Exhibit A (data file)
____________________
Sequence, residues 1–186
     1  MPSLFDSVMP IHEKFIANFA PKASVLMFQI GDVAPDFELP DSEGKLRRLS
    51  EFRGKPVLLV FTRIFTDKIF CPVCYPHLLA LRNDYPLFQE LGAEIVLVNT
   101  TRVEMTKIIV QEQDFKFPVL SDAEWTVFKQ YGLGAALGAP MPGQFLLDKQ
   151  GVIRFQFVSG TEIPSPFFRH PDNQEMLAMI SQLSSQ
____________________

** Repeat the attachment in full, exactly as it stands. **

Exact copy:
Sequence, residues 1–186
     1  MPSLFDSVMP IHEKFIANFA PKASVLMFQI GDVAPDFELP DSEGKLRRLS
    51  EFRGKPVLLV FTRIFTDKIF CPVCYPHLLA LRNDYPLFQE LGAEIVLVNT
   101  TRVEMTKIIV QEQDFKFPVL SDAEWTVFKQ YGLGAALGAP MPGQFLLDKQ
   151  GVIRFQFVSG TEIPSPFFRH PDNQEMLAMI SQLSSQ